Despite the extraordinary achievements of the human race and the beauty of the planet we inhabit, it is clear that we are on a trajectory towards an increasingly uncertain future where much of what we have taken for granted may be about to change, whether we like it or not. Given our relative lack of action to date, it may need some major crisis to force us to act globally.
But perhaps it won't. If we can envision a future for ourselves worth investing our time and effort in which not only mitigates the problems we face but also gives us a happier more secure future, then maybe we won't need to wait for an environmental disaster or global terrorism attack to start changing.
We live on an extraordinary planet with much that is good. Business, government, science and technology have provided some of the world's 6.5 billion people with wonderful things. The challenge is do this sustainably so that we can all live well on this planet. As individuals, we can make lifestyle changes to reduce our foot-print (reduce, re-use, recycle) but the positive impact will be dwarfed by growth in China and India. We can't just act alone; we need to act together. We need solutions that are global. This is the great leadership challenge facing us.
It is tempting to hope that our political leaders will do what is necessary to lead us to sustainability. But they are constrained by the symbiotic relationship they have with us the electorate. As the preface to the UK Government's Securing the Future report says: "There is no magic wand the government or anyone else can wave to make sustainable behaviour and activity the norm overnight. We will only succeed if we go with the grain of what individuals and businesses want, and channel their creativity to confront the environmental challenges we face." (p3) What Government can do is provide leadership by providing a vision and enabling context. The Securing the Future report lays out the goal of sustainable development as being to enable "all people throughout the world to satisfy their basic needs and enjoy a better quality of life, without compromising the quality of life of future generations" (p 16). The report goes on to identify a set of guiding principles that will be used to achieve the country's sustainable development purpose (see diagram below). Government can Encourage, Engage, Exemplify and Enable as is described in the Report.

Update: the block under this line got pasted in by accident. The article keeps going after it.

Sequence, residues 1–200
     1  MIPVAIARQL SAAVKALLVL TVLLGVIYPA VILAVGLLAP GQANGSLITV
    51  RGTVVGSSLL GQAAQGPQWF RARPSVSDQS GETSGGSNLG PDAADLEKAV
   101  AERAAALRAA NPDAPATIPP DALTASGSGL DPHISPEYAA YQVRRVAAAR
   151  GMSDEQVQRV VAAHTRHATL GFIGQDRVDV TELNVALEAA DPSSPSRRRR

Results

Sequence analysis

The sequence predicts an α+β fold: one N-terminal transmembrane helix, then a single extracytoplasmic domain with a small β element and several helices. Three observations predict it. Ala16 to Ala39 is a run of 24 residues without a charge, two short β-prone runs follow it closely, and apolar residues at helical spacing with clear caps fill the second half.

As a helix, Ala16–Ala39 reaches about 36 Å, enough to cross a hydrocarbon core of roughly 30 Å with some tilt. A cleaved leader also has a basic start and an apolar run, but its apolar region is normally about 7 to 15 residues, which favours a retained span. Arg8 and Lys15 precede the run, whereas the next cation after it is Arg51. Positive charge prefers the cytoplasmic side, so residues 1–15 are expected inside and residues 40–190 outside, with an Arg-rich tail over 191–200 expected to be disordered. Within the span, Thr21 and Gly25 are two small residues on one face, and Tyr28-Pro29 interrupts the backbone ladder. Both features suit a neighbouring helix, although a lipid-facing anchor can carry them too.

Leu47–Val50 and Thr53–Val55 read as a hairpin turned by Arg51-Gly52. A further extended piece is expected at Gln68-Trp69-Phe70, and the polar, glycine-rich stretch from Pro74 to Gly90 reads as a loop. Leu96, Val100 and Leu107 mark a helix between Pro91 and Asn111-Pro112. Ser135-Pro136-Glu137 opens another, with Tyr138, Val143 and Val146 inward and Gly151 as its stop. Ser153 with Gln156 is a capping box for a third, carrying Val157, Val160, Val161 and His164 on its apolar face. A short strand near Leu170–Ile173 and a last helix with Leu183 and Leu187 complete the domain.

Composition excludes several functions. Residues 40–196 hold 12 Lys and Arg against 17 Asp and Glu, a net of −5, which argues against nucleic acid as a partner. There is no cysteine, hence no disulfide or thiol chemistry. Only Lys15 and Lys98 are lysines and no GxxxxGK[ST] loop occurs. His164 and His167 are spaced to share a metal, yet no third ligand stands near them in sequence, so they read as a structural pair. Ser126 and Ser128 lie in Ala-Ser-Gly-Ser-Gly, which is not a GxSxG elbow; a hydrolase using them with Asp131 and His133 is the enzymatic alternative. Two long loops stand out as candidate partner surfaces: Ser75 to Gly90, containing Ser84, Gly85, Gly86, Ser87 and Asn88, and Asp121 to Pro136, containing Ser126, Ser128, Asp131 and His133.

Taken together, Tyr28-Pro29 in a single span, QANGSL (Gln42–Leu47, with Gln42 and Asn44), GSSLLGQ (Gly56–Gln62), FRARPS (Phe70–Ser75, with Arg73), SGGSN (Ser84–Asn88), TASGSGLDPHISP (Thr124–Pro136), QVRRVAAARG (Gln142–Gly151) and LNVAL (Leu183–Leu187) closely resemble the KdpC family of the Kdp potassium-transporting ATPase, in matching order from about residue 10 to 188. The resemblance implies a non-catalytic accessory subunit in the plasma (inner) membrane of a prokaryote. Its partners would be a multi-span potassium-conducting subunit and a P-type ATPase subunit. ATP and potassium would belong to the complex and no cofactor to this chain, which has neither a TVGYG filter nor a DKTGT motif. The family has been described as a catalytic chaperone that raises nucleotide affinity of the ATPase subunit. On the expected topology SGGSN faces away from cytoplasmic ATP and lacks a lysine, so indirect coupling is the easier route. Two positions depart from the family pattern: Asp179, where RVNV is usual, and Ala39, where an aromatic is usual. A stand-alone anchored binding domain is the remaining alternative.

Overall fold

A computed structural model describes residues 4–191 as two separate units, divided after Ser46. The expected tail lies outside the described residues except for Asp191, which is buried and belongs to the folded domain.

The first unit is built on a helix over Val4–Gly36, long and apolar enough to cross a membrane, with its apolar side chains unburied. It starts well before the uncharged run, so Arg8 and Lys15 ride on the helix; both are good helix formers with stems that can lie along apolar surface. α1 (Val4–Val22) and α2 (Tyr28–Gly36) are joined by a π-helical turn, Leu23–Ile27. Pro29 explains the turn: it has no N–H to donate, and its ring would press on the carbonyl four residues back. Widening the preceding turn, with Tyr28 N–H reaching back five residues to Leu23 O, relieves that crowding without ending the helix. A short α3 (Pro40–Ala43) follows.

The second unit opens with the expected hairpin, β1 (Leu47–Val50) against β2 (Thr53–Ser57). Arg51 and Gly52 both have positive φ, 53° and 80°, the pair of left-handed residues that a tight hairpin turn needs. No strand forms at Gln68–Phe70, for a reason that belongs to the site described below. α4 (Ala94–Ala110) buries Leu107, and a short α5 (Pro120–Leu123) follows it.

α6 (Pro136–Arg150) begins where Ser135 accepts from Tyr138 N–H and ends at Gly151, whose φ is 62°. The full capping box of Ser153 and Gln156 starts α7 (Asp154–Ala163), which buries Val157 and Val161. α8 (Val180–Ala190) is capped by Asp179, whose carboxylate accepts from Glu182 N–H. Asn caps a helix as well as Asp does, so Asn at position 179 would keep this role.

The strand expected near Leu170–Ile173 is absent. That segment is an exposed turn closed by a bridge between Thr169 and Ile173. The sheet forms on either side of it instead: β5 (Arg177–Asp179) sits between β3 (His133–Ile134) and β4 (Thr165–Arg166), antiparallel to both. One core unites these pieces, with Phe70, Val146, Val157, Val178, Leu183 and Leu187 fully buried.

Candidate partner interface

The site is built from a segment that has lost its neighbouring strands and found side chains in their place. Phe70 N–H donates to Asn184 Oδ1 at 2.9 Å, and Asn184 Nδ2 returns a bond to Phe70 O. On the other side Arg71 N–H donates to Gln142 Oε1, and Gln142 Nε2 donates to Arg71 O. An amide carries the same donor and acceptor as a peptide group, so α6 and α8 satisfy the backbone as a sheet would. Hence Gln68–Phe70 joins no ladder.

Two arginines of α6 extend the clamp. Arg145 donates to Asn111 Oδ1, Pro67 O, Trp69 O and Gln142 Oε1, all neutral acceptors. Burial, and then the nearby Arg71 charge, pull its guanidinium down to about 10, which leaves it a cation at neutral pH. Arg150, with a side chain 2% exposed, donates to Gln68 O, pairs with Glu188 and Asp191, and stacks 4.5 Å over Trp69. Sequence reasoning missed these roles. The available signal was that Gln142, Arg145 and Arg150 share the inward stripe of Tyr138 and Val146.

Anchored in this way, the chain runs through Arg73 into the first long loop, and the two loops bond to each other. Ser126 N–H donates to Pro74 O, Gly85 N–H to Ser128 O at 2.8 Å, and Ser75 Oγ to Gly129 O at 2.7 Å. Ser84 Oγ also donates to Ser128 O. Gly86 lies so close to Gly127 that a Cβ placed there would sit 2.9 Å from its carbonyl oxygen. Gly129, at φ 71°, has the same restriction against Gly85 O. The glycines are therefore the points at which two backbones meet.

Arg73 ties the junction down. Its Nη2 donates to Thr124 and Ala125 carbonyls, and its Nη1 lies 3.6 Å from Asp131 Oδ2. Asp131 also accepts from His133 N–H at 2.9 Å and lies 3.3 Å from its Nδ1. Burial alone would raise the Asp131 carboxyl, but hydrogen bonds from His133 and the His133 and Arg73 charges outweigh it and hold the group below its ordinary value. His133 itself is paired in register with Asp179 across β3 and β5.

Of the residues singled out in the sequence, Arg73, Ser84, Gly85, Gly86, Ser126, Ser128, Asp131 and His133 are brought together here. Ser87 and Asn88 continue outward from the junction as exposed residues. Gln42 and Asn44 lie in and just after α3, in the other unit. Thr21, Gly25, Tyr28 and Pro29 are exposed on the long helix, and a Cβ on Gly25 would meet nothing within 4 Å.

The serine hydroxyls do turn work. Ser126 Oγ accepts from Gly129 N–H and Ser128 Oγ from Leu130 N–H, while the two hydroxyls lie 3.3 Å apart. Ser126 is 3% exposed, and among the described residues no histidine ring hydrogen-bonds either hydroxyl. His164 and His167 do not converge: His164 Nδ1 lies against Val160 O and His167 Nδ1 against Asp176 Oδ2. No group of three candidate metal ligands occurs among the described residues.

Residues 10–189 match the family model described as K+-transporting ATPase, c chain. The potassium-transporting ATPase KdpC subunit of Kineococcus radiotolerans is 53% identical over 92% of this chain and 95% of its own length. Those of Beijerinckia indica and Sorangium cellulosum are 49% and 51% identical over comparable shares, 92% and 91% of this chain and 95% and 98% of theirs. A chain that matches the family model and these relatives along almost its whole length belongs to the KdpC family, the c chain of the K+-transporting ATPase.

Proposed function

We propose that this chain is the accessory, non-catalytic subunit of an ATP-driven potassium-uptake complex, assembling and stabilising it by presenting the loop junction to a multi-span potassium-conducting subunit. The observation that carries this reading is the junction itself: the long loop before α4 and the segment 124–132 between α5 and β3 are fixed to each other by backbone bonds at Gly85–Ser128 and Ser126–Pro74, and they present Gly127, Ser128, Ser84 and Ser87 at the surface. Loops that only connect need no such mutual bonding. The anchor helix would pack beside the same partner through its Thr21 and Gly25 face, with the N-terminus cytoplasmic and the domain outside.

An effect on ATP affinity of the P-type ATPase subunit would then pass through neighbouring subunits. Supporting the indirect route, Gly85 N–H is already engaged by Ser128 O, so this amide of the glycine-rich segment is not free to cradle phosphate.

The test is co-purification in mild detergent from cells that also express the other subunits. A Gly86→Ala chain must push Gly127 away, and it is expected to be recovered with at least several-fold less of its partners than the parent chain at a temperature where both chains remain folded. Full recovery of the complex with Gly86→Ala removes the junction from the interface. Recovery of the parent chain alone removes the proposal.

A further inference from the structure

There are many groups working to create positive change: The Elders, faith groups, popular campaigning groups like Friends of the Earth, and the World Development Movement, direct action groups like Greenpeace, and many, many more. I remember in the mid 80s reading about The Hunger Project. This was established in 1977 with the bold plan to end world hunger within 25 years. Sadly millions still starve to death each year. Inspired by Victor Hugo's idea that "there is nothing so powerful as an idea whose time has come", The Hunger project sought to make the end of hunger an idea whose time has come. It is still working towards that goal.
But of all the groupings able to make change happen, it is the business community that has the greatest potential, reach and resources to make a difference. 51 of the largest economic units in the world are companies, not countries. Businesses have global reach. And businesses have a responsibility to protect shareholder value. What we are beginning to recognise is that the way to do this is to build sustainable businesses. This means building businesses that are sustainable in their use of natural resources, in the social impact they have, and in their profitability - the so-called Triple Bottom Line.